System Number: 10632
Date: [September/November 1869]
Recipient: Thomas Winans
Repository: Metropolitan Museum of Art, New York
Call Number: Autograph Letters, Box II; NYMA 87 - AO MS6 - MS10
Document Type: ALS
2 Lindsey Row Chelsea
My dear Mr. Winans -
We have just returned from a visit in the country and my Mother has shown me your kind letter to her - You are quite right in being surprised
that at my still being in perplexity as to my money matters - At first sight this is apparently most discouraging if not hopeless - but the explanation is really simple, and the trouble is not at all the result of ill success in my profession or difficulty in dispersing of my works - There appears to be no dispute as to the position I have taken, and I have at this moment plenty of commissions for important pictures -
I can get high prices for what I do and in the world am looked upon and spoken of as a most successful man -
But - for the last two years I have been absorbed in study - a most expensive proceeding for one who has [p. 2] no capital to go on - first because study and experiment prevent finished saleable production - and second because this study is made at the daily cost of materials - models who must be paid and who come to an awful lot! - and rent for a studio I was obliged to take during the winter - In short a continued outgoing and nothing coming in. - All this study has doubtless astonished many who wonder what I can be about and how it is I have shown nothing for so long - either at the Academy or even in my Studio! - but I am sure you will sympathize with my anxiety in my work which will not admit of my being contented with what merely "would sell" - For instance I had a large picture of three figures nearly life size fully underway - indeed far advanced towards completion - the owner delighted - and everyone highly pleased with it - except myself - Instead of going on with it as it was, I wiped it clean out! scraped it off the canvass [sic] and put it aside that I might perfect myself in certain knowledge that I should overcome imperfections I found in my work, [p. 3] and now I expect shortly to begin it all over again from the very beginning! - But with a certainty that will carry me through in one third of the time! - The results of the education I have been giving myself these two years and more will show themselves in the time gained in my future work.
Like the captain of the Missisippi steamboat when he ran on a land bank, I have had to "back out and grease"!!
"Greasing" is expensive and I am always hard up -
Here my dear Mr. Winans is the story of the whole business - and if you are not tired of helping me as well you might be, and will treat me with another loan, Five hundred pounds will I think carry me through these difficulties and enable me to work until my pictures shall pay for themselves - Believe me as ever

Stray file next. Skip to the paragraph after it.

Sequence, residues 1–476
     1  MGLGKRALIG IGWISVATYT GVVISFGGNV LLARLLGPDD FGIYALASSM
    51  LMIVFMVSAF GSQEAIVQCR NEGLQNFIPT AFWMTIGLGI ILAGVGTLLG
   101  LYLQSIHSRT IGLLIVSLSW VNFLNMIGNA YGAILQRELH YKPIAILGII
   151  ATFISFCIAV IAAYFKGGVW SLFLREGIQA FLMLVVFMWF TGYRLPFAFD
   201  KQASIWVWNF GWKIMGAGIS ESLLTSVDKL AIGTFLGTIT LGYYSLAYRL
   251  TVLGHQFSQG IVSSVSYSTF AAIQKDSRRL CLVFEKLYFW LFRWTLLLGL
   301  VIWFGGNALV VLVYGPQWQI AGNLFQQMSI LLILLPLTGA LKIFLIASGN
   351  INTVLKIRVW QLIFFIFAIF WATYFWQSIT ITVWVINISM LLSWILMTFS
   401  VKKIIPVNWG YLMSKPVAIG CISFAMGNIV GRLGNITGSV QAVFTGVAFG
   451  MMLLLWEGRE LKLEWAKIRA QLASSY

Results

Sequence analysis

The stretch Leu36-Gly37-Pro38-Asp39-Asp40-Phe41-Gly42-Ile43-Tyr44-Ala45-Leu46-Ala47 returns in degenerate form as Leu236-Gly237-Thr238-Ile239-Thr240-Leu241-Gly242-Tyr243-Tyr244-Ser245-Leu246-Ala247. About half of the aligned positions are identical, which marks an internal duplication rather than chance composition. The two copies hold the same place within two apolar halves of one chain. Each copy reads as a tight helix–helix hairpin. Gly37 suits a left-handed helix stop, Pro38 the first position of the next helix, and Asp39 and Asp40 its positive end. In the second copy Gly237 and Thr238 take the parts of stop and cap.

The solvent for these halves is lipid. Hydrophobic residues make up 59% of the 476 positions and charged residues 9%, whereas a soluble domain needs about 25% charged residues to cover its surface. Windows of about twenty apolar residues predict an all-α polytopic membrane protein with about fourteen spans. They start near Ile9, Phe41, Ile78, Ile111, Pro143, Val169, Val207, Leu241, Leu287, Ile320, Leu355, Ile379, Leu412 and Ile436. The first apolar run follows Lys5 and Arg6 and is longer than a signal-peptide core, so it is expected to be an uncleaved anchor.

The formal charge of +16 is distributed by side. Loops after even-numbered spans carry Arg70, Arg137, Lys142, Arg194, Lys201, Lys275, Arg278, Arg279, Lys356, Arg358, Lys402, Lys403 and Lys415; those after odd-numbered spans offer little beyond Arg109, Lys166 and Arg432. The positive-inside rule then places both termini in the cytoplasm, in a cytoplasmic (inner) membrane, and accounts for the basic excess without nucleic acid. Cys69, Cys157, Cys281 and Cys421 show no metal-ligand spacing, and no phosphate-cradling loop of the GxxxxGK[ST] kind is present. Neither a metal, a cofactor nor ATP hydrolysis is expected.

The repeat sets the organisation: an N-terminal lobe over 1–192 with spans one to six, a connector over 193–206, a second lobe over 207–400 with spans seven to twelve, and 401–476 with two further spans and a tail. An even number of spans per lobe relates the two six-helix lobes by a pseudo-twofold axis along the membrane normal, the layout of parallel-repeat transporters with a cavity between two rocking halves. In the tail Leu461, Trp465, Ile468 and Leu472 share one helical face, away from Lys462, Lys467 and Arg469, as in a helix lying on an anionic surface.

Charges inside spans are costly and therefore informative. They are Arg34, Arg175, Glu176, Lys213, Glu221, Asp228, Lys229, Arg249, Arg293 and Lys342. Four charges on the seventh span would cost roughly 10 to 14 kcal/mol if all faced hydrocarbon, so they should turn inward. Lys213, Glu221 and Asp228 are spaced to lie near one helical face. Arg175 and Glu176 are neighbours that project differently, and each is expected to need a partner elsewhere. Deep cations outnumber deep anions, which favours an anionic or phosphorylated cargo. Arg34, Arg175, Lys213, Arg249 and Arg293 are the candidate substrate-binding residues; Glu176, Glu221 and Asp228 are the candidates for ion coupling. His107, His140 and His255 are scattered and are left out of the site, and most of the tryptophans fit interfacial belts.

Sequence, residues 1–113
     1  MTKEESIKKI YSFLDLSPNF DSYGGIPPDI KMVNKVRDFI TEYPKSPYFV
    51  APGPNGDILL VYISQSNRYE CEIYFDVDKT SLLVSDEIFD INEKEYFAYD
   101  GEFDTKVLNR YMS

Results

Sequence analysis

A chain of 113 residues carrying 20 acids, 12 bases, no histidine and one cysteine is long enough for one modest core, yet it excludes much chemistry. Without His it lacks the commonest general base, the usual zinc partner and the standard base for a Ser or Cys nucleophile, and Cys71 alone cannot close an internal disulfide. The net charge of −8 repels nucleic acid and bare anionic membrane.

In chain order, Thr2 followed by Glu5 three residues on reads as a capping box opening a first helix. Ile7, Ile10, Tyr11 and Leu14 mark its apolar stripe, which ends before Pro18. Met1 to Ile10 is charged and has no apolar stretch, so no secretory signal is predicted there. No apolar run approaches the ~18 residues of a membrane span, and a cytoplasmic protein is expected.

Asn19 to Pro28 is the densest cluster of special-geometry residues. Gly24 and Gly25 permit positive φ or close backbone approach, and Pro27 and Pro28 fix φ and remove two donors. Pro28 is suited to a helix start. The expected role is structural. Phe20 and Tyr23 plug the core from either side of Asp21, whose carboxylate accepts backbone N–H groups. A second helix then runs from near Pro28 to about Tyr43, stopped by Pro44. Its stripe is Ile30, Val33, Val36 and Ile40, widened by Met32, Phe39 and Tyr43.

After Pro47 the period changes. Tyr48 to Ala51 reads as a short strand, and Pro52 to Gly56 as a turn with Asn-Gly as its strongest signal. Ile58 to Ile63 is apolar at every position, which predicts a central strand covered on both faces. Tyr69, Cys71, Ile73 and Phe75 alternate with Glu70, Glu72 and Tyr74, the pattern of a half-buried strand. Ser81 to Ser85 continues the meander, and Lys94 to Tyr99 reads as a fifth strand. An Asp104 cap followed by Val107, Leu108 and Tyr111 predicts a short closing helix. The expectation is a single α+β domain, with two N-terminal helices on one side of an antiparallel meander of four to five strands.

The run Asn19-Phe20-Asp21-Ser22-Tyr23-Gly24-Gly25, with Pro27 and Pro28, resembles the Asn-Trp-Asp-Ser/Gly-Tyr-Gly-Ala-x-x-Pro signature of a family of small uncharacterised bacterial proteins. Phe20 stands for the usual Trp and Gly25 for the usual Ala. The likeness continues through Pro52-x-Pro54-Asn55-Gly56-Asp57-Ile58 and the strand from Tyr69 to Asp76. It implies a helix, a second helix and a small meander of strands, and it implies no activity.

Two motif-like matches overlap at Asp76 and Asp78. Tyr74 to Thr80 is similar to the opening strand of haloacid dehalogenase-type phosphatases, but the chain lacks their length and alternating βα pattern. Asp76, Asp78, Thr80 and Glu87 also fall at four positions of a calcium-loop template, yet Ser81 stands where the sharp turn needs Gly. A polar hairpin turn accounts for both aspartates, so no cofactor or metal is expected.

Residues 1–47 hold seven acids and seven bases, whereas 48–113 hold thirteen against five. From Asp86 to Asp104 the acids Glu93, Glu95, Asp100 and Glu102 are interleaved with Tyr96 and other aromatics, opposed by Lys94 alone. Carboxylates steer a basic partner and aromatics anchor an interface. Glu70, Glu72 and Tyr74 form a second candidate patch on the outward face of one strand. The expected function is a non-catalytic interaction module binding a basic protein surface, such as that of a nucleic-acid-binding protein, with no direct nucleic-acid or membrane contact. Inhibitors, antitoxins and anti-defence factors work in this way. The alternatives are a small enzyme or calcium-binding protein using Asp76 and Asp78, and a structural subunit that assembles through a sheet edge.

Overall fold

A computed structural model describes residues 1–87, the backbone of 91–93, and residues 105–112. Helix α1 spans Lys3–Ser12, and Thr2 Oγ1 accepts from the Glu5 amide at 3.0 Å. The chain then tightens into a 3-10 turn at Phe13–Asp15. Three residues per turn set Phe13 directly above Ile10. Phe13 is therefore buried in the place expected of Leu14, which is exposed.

J A McNeill Whistler
The figure itself is about small life size and will when painted be clad in thin transparent drapery, a lot of flowers and very light bright colour go to make up the picture.
1. [September/November 1869]
This letter probably dates from shortly after the visit of JW and his mother to Speke Hall near Liverpool in the autumn of 1869 (see below).
Published in Thorp, Nigel (Editor), Whistler on Art: Selected Letters and Writings 1849-1903 of James McNeill Whistler, Manchester, 1994, and Washington, 1995, no. 10, pp. 30-31.
JW and his mother had made their first visit to Speke Hall, the country home of the Leyland family, in September 1869 (see #07642; see also Merrill, Linda, The Peacock Room. A Cultural Biography, New Haven and London, 1998, p. 122 and n. 73).
Many chalk figure drawings from the late 1860s and early 1870s testify to JW's efforts to improve his draughtsmanship (see, for instance, M.325-335, 348-359). These included both draped and nude figures, some drawn in life-classes (e.g. M.352, 416).
JW exhibited nothing at either 100th Exhibition of the Royal Academy of Arts, Royal Academy, London, 1868 or 101st Exhibition of the Royal Academy of Arts, Royal Academy, London, 1869.
A square cut out of the paper to the left of this paragraph.
15. I send
Remainder of text on p. 1.
JW had a photograph taken of his cartoon of Venus (M.357), a design signed and dated 1869, which was pricked for transfer but probably never completed. A proof of this photograph was incised by JW, suggesting alterations to the design (GUL).
The Three Girls (YMSM 88) was cut up at the time of JW's bankruptcy. The only surviving fragment, Girl with Cherry Blossom (YMSM 90), shows the transparent drapery and flowers intended for the projected painting.